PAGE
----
Nabisco Has Begun Moving Its Factories to Mexico
Does this mean we’ll be getting Oreos made with real cane sugar?
It looks like Nabisco, creators of Oreo and other childhood obsessions ahem, Chips Ahoy is seriously considering a potentially permanent move south of the border: Last month it announced that half of its 1,200 employees at its Chicago Southwest Side branch would be laid off in the coming year in order to transfer funding to its newest factory in Salinas, Mexico.
The Chicago Tribune reports that the company opted out of a $130 million dollar upgrade for the factory, and is instead investing that same money in a state-of-the-art production system in Salinas called “Lines of the Future.” These lines will replace the, “9 inefficient manufacturing lines at its Chicago biscuit plant,” and that the company has no plans of totally abandoning the U.S. plant entirely, according to a Nabisco parent company Mondelez International press release.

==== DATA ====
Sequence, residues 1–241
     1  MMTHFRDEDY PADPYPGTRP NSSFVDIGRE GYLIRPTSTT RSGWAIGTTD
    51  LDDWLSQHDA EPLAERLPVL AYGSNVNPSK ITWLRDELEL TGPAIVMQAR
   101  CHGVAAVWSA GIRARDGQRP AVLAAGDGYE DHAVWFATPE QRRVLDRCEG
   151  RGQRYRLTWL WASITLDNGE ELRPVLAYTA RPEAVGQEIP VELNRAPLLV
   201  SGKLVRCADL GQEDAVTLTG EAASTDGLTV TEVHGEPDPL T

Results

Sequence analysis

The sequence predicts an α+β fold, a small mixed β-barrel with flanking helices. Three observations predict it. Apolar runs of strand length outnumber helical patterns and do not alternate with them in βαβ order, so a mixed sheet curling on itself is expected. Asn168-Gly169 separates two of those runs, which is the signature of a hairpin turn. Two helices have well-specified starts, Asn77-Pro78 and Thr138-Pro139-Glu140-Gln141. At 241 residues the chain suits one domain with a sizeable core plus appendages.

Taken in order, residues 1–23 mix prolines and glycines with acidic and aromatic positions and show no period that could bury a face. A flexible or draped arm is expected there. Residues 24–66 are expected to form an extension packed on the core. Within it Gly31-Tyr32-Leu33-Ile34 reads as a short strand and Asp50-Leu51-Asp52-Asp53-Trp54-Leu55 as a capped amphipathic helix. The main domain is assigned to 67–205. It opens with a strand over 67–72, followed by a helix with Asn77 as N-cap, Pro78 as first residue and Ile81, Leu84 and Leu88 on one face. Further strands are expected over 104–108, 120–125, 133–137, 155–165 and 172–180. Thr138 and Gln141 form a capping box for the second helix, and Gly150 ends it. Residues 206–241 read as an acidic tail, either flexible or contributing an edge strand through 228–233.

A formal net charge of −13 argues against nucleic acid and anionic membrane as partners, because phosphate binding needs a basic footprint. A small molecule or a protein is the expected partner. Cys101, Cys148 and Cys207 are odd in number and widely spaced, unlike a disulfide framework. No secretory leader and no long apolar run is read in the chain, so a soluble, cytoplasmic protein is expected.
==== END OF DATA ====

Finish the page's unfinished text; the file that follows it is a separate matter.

The Chicago plant was founded in the 1950s and is the largest bakery in the world. Despite union representative protests, it didn’t receive the designated $130 million upgrade, however Mondelez International, has stated that it does intend to improve the production technology of Chicago’s seven remaining lines with an unspecified amount of funding, so there’s still hope for the workers who didn’t lose their jobs.
This isn’t the first time Nabisco has cut production in the U.S: Earlier this year its Philadelphia plant was completely shut down in order to expand facilities in New Jersey and Virginia. However, according to the Northeast Times, many union officials believe the company truly intends to outsource all production to Mexico, and $130 million conveys nothing if not commitment.
If Nabisco does move to Mexico, what will that mean for our beloved snacks? Is an Oreo really an America’s Favorite Cookie if it’s not baked within the confines of the U.S. border? Unless we get Oreos made with real cane sugar a la Mexican Coke, nothing is likely to change flavor wise, but the loss of jobs may greatly affect the our workforce. Between the closing of the Philadelphia factory and the loss of jobs in Chicago, well over 1,000 people have already lost their jobs. If factories continue shutting down in the same rapid fashion, that number is likely to triple in the next few years.
However, with no official announcements from Mondelez International, it’ll probably be a while before the full move is a reality. So there’s still time to wrap your American-baked Oreos in bacon, guilt-free well, kind of.